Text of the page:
... = appDelegate; 
btn.action = "btnClickHandler"; 

appDelegate and btnClickHandler do not exist yet. We must make them. In the following code, order is important. I added comments to show where the new code is.
// Вот здесь 
    name: "AppDelegate",
    methods: { 
        "btnClickHandler": { 
            types: ["void", ["id"]], implementation: function (sender) { $.NSLog("Clicked!"); 
var appDelegate = $.AppDelegate.alloc.init; 
// Вот до сюда 
// Далее то, что уже было 
var textFieldLabel = $.NSTextField.alloc.initWithFrame($.NSMakeRect(25, (windowHeight - 40), 200, 24)); 
textFieldLabel.stringValue = "Image: (jpg, png, or gif)"; 

Launch the application, click on the button and look at the console. See the “Clicked!” Message when you click on a button? If so, it’s just a jerk, right? If not, check the code and errors in the console.


What is ObjC.registerSubclass ? Inheritance is a way to create a new class that inherits from another Objective-C class. Lyrical digression: here there is a possibility of using the wrong terminology by me. Fight me. registerSubclass takes one argument: a JS object containing the properties of the new object. Properties can be: name , superclass , protocols , properties and methods . I am 100% not sure if this is an exhaustive list, but this is described in release notes .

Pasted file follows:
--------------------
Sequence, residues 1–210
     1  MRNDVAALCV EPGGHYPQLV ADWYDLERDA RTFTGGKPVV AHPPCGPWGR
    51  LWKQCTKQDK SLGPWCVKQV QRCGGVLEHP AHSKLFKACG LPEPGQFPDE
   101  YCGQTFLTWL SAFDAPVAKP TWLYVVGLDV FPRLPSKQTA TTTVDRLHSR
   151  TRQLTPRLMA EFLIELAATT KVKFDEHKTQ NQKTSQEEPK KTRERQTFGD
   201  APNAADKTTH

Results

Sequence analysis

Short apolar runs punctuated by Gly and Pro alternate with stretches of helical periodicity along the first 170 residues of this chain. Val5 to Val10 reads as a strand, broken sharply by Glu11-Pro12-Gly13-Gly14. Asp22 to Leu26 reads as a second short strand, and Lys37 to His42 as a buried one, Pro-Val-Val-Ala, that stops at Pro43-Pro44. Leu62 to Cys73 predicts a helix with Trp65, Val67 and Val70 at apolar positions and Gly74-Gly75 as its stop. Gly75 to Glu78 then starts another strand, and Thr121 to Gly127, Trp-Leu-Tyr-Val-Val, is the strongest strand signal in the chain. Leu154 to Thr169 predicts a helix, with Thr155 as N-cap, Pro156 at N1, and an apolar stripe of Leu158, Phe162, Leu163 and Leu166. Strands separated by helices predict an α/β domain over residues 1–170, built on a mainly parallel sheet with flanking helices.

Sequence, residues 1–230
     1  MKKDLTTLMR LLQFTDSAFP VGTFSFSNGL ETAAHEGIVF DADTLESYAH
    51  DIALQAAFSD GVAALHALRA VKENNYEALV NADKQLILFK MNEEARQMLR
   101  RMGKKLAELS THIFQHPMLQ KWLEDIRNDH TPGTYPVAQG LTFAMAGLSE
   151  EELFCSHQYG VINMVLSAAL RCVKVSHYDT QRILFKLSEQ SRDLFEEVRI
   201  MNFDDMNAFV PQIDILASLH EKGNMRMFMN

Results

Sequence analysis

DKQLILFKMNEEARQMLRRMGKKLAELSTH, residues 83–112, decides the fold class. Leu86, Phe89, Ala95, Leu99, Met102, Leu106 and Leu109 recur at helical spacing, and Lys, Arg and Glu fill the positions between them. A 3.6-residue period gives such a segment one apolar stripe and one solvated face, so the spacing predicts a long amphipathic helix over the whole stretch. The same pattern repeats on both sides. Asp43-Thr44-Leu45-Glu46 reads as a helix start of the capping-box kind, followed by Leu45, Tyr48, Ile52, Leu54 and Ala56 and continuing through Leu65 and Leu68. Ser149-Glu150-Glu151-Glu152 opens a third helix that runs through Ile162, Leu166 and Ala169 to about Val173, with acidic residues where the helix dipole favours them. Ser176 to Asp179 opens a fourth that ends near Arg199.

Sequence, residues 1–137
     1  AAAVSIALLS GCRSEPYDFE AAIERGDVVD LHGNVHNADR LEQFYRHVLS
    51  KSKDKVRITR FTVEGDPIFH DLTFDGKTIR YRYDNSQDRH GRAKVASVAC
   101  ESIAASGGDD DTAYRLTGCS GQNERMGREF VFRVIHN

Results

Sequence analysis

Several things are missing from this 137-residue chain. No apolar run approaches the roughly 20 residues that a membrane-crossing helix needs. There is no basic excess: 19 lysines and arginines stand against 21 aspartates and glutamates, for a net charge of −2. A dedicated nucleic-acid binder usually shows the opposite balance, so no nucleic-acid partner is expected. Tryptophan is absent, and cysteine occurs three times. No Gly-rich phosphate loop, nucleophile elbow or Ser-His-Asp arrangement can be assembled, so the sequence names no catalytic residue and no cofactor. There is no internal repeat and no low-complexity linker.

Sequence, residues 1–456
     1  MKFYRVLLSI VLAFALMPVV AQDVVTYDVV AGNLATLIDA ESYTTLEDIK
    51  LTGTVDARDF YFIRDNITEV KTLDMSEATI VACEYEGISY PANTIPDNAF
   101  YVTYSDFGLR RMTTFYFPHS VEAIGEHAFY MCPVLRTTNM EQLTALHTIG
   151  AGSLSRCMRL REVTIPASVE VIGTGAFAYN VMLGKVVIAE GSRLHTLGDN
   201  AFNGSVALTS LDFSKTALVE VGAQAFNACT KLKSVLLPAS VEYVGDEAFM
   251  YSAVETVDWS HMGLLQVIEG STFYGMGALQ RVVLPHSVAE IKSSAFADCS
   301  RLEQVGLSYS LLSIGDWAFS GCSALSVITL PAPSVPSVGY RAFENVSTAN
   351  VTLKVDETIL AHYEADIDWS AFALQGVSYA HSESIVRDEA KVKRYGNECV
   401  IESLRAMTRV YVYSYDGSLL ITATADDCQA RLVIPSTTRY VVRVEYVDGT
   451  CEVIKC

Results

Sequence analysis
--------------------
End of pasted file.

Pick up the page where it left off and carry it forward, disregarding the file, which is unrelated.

This is all well and good, but what have we done here? Since we did not specify superclass, we inherit from NSObject. This is the base class for most Objective-C classes. The name property will allow us in the future to access the new class through $ or ObjC .
$ .AppDelegate.alloc.init; creates an instance of our class AppDelegate . Once again, note that the brackets for the calls to the alloc and init methods are not used, since we do not pass arguments to them.

Heir methods

The method is created by assigning it any string name. For example, btnClickHandler . Pass it an object with types and implementation properties . I did not find the official documentation about what the types array should contain. Through trial and error, I realized that it looks something like this: